Japan Air Self-Defense Force member Taira Nakatsu, an air traffic controller with the ATC squdron, looks through binoculars as an aircraft approached Misawa Air Base, Japan, Aug. 31, 2017. The tower is responsible for all operations of flight and ground movement, ensuring safety at all times. (Photo by Senior Airman Brittany A. Chase)
MISAWA AIR BASE, Japan -- This is part three in a series highlighting the teams charged with keeping Misawa's airfield mission-ready at all times.
The Japan Air Self-Defense Force Air Traffic Control Squadron is responsible for managing all aircraft flow on the ground and in the air at Misawa Air Base, Japan, and is the only allied nation-led ATC on a U.S. base in the Indo-Asia-Pacific.
Pilots--both U.S. and Japanese--depend heavily on the controllers in the tower to be their 'eyes in the sky,' especially in Northern Japan's unpredictable weather. Through highly efficient radar systems, the tower and radar approach control within the ATCS does just that.
“The tower controls aircraft and vehicles on the airfield and space within five nautical miles from the surface up to 6,000 feet,” said Japan Air Self-Defense Force 2nd Lt. Junji Mori, an Air Traffic Control Squadron controller. “Basically, tower controllers establish visual separation between aircraft while radar control center controllers use a sensor to establish a safe separation between aircraft. It depends on the directions, but they control all JASDF, U.S. and commercial aircraft within approximately 50 nm from Misawa.”
Misawa ATCS provides a safe and efficient flow of aircraft to and from the airfield. The JASDF, otherwise known as Koku-Jieitai, members coordinate aircraft movement, sequencing and providing safety advisories to all airfield operators.
“The tower controllers are the guys directing the planes you see arriving, departing and ‘playing’ over the base,” said USAF Master Sgt. Natalie Thompson, a 35th Operations Support Squadron air traffic controller liaison. “They ensure aircraft stay separated from one another, as well as other obstructions.”
Every day, thousands of military airplanes and helicopters take off and land all over the world. The job of ATCs to monitor aircraft in order to prevent accidents and direct movement in and out of all military airfields.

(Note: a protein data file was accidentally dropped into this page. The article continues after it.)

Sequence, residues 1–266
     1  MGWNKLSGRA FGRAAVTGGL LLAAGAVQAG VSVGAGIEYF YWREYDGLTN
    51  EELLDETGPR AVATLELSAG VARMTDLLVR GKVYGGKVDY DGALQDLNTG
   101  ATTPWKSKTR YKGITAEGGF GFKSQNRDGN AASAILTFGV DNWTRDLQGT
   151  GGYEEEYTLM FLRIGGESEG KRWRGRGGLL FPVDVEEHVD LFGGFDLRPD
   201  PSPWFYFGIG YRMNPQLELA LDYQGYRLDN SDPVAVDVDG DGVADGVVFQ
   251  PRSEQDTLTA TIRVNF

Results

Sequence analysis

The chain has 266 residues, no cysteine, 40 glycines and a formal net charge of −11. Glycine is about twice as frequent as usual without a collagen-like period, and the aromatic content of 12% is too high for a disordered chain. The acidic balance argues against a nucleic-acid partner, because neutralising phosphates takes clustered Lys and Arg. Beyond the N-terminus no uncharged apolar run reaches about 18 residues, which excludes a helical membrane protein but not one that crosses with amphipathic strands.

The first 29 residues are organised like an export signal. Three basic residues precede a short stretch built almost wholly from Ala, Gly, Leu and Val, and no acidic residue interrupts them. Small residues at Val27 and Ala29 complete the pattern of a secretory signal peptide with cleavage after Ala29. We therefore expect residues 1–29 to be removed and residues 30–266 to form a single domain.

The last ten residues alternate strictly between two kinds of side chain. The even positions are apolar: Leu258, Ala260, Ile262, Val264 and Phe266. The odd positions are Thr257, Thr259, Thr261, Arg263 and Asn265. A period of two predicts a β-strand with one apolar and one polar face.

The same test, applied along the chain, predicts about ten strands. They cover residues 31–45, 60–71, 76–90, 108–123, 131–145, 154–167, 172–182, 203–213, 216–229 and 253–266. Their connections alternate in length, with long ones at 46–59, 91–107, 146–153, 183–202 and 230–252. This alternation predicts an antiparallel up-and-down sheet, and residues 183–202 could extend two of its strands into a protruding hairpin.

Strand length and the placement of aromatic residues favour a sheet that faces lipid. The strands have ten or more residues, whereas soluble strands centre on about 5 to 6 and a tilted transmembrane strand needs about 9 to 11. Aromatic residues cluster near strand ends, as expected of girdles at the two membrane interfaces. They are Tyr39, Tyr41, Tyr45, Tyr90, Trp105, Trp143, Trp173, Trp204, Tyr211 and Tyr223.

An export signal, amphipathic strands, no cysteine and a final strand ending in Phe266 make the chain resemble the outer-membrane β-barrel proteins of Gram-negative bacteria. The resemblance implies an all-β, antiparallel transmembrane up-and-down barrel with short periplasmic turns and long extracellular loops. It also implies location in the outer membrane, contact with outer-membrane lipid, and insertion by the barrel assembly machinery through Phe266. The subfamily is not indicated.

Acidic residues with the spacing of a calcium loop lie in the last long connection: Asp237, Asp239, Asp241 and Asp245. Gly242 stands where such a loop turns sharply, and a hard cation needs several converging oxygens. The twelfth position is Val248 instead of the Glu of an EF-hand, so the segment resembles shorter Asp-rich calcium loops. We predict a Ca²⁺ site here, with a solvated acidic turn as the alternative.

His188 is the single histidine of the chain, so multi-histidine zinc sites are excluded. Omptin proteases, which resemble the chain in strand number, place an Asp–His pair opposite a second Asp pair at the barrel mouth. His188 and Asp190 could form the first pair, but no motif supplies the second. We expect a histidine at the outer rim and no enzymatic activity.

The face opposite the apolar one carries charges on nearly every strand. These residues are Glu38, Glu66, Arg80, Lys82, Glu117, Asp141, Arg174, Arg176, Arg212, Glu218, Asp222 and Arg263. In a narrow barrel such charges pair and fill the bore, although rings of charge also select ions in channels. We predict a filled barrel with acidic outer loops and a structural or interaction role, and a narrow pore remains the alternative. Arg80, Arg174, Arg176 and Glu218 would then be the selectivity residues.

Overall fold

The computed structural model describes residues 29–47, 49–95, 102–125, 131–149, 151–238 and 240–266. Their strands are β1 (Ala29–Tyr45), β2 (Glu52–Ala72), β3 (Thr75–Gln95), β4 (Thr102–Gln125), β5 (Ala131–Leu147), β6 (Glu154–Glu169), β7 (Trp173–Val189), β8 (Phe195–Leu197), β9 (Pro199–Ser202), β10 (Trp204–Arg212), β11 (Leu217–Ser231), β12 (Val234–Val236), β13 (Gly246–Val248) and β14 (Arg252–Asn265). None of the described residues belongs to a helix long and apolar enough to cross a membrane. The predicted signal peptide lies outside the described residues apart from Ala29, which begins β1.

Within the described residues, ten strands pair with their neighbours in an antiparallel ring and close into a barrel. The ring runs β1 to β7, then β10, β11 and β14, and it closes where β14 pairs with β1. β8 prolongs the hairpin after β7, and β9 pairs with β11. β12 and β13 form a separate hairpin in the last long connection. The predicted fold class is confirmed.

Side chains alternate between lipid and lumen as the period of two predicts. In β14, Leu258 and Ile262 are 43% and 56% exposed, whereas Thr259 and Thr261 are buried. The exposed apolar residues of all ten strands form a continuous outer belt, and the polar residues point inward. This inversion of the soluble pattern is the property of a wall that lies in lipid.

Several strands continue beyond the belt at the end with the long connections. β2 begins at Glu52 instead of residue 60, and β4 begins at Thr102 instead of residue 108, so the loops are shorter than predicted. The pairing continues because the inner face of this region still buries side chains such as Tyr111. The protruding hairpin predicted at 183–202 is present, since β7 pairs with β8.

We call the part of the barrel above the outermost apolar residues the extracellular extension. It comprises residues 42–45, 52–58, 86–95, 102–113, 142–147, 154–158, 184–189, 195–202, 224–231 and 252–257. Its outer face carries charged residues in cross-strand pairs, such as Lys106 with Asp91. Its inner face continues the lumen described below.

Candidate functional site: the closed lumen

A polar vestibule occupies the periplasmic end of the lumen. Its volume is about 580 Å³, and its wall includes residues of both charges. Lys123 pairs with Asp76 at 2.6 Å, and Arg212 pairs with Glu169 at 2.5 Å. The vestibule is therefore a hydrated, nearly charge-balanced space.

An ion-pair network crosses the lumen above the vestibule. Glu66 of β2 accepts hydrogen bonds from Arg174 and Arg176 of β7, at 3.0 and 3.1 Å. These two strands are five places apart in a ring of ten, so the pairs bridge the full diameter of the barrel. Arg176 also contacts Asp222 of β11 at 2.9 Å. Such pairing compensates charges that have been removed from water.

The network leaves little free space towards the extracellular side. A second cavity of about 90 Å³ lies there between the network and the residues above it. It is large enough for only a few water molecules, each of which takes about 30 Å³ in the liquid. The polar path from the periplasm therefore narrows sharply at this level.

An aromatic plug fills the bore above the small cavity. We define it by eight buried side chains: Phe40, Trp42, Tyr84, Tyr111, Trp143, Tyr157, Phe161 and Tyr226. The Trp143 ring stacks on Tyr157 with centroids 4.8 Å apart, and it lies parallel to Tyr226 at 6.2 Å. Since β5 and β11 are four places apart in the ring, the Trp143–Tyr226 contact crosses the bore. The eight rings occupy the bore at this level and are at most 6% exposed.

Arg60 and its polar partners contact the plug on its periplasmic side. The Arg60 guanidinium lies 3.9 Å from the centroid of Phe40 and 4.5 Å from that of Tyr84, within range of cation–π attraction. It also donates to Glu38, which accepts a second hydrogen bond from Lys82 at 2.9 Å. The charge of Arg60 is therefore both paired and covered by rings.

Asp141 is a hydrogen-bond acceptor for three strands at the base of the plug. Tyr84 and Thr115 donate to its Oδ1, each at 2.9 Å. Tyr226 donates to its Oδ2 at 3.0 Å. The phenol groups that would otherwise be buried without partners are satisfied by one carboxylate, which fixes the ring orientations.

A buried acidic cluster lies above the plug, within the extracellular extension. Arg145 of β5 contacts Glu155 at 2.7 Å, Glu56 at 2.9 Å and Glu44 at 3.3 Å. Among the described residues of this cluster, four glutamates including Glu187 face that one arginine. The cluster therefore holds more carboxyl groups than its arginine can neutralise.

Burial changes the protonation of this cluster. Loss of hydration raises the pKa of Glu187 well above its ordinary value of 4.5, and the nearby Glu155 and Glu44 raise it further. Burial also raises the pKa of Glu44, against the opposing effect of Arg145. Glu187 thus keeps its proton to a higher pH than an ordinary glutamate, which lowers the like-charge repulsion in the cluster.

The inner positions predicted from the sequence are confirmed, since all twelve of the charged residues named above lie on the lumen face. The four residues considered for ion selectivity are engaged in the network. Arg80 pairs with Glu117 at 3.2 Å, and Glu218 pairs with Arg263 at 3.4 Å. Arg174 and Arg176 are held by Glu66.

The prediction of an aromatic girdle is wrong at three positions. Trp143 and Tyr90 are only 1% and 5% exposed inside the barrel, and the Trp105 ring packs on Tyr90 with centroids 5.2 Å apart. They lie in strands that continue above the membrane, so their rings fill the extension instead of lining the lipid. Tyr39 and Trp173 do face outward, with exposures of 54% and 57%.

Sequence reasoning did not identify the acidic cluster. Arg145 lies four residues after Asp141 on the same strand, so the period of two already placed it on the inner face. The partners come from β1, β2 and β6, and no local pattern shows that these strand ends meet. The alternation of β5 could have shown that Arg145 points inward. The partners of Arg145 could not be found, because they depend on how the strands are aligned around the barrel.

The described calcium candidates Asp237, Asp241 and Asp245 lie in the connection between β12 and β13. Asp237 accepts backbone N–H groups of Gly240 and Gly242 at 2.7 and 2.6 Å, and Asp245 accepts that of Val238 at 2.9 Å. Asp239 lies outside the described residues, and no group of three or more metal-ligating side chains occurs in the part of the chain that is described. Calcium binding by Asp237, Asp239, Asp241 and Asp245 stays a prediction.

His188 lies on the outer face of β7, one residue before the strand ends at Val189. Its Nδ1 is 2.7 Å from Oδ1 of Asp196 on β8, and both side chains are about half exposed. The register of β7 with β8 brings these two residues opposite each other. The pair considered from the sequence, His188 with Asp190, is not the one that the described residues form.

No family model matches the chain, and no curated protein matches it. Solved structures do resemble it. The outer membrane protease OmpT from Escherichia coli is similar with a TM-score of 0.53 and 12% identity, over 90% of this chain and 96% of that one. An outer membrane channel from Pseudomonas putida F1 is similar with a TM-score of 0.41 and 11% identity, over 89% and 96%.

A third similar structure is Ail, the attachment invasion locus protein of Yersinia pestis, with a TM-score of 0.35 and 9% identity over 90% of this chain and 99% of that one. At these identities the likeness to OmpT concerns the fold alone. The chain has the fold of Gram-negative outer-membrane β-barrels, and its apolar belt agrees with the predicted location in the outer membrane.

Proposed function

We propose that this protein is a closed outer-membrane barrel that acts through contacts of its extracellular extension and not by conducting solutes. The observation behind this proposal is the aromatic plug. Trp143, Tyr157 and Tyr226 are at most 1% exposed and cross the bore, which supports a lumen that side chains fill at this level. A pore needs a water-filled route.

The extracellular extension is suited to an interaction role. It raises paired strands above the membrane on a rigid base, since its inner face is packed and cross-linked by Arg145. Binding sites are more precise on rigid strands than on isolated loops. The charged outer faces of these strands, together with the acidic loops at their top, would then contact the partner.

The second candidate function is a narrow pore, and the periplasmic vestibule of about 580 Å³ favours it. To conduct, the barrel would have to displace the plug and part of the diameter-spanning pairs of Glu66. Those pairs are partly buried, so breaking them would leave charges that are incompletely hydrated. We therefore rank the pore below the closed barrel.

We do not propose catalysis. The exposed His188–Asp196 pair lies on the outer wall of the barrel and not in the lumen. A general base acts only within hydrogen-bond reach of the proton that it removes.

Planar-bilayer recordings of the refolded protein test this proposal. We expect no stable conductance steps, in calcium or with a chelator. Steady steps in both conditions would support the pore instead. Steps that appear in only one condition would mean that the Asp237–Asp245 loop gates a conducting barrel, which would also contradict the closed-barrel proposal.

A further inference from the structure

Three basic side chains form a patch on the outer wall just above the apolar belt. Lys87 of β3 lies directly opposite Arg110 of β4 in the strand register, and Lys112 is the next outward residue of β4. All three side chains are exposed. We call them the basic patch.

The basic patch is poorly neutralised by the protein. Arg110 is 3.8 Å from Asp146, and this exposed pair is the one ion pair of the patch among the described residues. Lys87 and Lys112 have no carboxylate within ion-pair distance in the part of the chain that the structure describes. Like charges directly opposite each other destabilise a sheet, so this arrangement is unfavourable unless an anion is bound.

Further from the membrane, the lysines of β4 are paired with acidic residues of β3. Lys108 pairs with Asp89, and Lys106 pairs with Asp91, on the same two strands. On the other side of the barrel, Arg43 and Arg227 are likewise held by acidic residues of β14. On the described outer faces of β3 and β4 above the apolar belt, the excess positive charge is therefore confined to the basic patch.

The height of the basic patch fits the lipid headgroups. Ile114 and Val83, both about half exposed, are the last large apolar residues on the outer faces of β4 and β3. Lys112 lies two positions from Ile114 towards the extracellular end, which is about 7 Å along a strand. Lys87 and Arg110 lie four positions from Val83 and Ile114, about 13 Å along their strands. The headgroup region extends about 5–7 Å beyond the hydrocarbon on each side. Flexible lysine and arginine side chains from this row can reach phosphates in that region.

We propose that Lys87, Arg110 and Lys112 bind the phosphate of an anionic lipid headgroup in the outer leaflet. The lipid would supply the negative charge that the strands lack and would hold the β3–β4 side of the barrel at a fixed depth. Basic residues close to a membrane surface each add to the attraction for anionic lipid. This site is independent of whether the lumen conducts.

“Misawa is very unique because the 35th Fighter Wing owns the airfield and all of the assets on the airfield, but the JASDF owns and operates the airspace,” Thompson said. “Each day and every mission is a bilateral operation. The tower and RAPCON consistently work with the 35th FW and JASDF’s 3rd Air Wing to coordinate the movement of aircraft and airspace operations, enabling successful executions of training missions.”
Misawa AB’s USAF ATCs once controlled the tower after World War II, but in 1971 they delegated the ATC authority to their Koku-Jieitai counterparts.
“Everyone is always monitored. At any given moment, in theory, we should be able to provide control instructions via radio or alternate means of communication to any aircraft at any time,” said Thompson. “Misawa ATCS relies heavily on the use of VHF and UHF radios to communicate to aircraft.”
Communication is crucial for air traffic controllers, but sometimes understanding one language spoken by pilots from various countries can be a challenge. While English is the universal language of flight operations, sometimes there can still be a barrier.
“Due to the bilateral nature of the radio communication, we keep a pilot in the tower at all times called a SOF, or a supervisor of flying,” said USAF Capt. Mike Dreher, a 14th Fighter Squadron electronic combat pilot. “Having a knowledgeable F-16 Fighting Falcon pilot negates any language barriers in case of an in-flight emergency, allowing us to be the eyes and ears on the ground helping troubleshoot any problems.”
From their "eyes in the sky," the controllers see the bigger picture of both the airfield and the skies, and use that information to safely allow the pilots to continue with their missions, ultimately maintaining the readiness they need.
“If there wasn’t an ATC facility, flying would ultimately stop during poor weather conditions,” said Thompson. “There are various ways to operate an airfield without ATC support, but for a base this size, with this many airframes – it would be a great detriment to the mission set and safety.”